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Tell your boss the hard truth, especially if your boss is the president


“Is there anything I could have done differently or better?”

It’s a question that’s common — and crucial — when asking for feedback from a colleague or direct report. But when it comes from the president of the United States and you are the commanding general of the U.S. Army Corps of Engineers following one of the five deadliest hurricanes in U.S. history, it can give you pause, said retired Lt. Gen. Robert “Van” Van Antwerp.

Van Antwerp was on Air Force One with President George W. Bush in 2007 when the president asked him that question as they were about to tour the Army Corps’ reconstruction efforts of the Louisiana Gulf Coast following Hurricane Katrina, which had occurred two years earlier.

“I knew that when he asked a question like that, he wanted the truth. And, I thought to myself, ‘This is going to be hard to do,” Van Antwerp said. But Van Antwerp gave his opinion, because he believed that when Bush promised to rebuild New Orleans “higher and better,” it committed the Army Corps of Engineers into a specific plan that might not have been the best one for rebuilding the area.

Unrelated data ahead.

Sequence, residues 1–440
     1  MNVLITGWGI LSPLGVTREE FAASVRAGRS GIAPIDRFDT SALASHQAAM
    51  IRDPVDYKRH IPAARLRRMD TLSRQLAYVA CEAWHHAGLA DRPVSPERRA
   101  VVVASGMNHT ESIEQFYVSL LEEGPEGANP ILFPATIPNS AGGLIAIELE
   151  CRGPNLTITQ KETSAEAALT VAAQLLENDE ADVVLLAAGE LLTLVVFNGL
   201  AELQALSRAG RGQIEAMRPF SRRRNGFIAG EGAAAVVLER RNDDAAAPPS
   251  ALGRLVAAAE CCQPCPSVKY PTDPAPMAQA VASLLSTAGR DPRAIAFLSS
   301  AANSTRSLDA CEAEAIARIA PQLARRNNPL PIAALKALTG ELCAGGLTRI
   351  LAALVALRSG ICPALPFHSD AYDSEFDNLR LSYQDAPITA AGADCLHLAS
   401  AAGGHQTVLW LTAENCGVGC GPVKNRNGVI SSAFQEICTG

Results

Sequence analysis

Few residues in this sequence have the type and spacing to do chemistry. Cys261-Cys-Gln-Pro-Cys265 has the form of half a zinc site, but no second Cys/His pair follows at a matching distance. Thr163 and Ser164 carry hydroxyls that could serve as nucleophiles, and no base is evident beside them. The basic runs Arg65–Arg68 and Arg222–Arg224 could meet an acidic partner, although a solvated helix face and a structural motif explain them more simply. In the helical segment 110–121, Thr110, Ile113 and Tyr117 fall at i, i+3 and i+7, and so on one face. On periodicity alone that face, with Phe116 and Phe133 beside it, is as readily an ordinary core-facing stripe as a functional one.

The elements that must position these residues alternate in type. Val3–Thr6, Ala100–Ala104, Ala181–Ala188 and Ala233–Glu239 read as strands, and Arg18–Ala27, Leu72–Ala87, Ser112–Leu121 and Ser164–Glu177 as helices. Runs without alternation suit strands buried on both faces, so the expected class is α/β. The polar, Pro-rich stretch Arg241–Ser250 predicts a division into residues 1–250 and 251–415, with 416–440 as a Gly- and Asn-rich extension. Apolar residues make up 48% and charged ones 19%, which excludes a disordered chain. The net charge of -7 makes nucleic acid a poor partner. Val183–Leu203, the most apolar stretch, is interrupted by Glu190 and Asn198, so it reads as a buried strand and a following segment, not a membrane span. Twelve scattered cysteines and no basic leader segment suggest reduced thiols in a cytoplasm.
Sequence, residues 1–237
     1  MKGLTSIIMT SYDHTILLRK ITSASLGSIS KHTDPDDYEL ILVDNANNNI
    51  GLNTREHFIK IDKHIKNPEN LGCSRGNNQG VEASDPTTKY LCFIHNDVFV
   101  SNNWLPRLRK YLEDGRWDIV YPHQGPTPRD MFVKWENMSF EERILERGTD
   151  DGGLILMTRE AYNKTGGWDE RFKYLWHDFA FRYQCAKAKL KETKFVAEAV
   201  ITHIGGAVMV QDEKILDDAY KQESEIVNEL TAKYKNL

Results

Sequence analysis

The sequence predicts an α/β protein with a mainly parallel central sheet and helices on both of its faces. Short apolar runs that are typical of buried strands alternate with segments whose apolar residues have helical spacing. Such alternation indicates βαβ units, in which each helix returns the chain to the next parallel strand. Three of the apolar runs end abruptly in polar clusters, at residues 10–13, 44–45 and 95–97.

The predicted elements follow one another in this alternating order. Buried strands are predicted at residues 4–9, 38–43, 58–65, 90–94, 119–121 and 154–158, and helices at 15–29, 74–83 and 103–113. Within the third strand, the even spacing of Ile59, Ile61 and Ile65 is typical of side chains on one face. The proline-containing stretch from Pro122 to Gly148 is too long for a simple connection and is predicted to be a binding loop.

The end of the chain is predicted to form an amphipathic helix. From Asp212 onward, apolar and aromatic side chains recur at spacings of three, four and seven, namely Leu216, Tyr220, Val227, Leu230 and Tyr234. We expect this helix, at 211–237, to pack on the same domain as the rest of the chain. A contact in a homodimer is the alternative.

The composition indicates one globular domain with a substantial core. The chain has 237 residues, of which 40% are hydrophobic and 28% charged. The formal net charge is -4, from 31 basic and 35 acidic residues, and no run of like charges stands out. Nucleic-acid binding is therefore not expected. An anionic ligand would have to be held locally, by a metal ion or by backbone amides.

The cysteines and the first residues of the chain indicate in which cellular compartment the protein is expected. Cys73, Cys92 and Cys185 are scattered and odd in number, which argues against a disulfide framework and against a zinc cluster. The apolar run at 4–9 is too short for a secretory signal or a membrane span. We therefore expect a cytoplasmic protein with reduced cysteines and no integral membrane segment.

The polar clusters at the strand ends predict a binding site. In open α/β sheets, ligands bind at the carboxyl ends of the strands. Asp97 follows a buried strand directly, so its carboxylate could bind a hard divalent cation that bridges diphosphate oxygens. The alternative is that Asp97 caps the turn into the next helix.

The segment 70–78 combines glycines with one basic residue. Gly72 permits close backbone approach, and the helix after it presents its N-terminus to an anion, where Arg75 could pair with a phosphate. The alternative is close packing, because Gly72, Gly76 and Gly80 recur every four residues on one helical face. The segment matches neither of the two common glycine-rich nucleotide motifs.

Van Antwerp, like many, was also concerned about rebuilding the homes in the city’s Ninth Ward and the debate has raged on. Van Antwerp said it would have been preferable to move everybody in the Ninth Ward to higher ground.

Since that time, the Corps has rebuilt the levees and flood walls, and installed new pumps and floodgates around a perimeter several hundred miles long, to the tune of $14 billion.

So, Van Antwerp told the president not to promise to build something “higher and better” again following a catastrophe. Two months later, as he and Bush flew into another domestic disaster zone, Bush looked at him before he got off the plane said, “Yeah, I got it. I’m not going to say that again,” according to Van Antwerp.

Learning from failures is something all leaders should do, and it means giving and receiving feedback that’s timely, specific, and actionable, Van Antwerp said.

“I know when I’ve opened myself to that feedback, it’s been the best way to grow,” he added.

Van Antwerp, who spoke on campus April 10, served as commanding general of the Corps from 2007 to 2011 and retired after 39 years of military service. His talk was sponsored by the MIT Sloan Veterans Association.

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